Waistel Cooper 1921-2003

Overview

Waistel Cooper was a British painter and a major figure of the studio pottery scene in the post-war period. He was instrumental in the development of modernism within the world of ceramics.

Born in Ayr, Scotland, he initially studied painting at Hospitalfield School of Art before winning a painting scholarship to Edinburgh College of Art.

 

After the interrupted of world war two, Cooper attempted his hand at pottery with a portrait commission in Iceland. Following this, he returned to England to set up a pottery studio in the village of Porlock, Somerset in 1950.

 

In August 1955, Henry Rothschild (1913–2009) gave Cooper a one-man show at his craft gallery in London, Primavera. Often compared to contemporary London based studio potters Coper and Lucie Rie, Cooper’s rural lifestyle meant that he was largely isolated from London trends. Cooper stated, “I met Lucie Rie and Hans Coper in the fifties and felt a very strong kinship with the direction their work was taking, in so far as it was concerned, as was mine, with sculptural form and texture, and was light years away from the Japonaiserie of the Bernard Leach school of pottery.”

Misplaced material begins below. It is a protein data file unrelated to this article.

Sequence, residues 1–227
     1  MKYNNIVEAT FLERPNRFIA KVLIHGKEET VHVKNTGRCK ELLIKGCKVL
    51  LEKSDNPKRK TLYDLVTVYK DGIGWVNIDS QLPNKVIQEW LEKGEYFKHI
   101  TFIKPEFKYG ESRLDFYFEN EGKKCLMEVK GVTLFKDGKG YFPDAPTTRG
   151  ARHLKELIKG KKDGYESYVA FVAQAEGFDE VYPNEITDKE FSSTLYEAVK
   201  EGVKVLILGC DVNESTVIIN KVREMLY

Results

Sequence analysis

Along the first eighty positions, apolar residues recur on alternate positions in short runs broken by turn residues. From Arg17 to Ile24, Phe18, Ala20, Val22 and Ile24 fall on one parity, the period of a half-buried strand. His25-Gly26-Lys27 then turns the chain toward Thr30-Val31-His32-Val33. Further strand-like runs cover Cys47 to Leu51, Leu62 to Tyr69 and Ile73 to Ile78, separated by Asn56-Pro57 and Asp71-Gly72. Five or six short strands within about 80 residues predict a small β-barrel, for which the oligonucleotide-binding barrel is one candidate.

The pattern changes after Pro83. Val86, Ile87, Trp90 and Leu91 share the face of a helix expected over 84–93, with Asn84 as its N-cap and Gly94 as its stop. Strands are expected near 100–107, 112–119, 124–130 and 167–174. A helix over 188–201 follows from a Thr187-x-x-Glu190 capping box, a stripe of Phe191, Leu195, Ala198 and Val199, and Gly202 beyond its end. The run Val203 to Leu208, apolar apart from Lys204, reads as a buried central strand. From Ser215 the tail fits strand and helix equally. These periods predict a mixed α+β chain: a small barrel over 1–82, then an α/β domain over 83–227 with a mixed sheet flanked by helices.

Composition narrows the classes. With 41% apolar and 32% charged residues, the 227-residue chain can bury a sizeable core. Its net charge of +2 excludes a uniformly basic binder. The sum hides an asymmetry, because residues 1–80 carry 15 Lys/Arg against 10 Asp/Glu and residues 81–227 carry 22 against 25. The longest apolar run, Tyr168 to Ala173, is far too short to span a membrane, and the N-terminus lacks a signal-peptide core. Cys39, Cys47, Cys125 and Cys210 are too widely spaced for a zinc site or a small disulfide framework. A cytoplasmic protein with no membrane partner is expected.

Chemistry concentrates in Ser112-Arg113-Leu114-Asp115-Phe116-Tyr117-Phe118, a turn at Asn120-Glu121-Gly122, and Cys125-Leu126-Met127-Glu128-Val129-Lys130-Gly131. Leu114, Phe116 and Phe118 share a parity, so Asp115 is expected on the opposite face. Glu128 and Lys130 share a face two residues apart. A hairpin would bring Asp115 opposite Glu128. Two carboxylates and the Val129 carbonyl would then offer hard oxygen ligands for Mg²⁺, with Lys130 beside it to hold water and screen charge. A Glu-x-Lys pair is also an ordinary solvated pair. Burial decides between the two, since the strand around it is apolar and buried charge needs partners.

In 1957 Cooper moved to the nearby hamlet of Culbone, where he re-established his pottery. He remained at Culbone Lodge for 25 years, before moving to Penzance in 1982.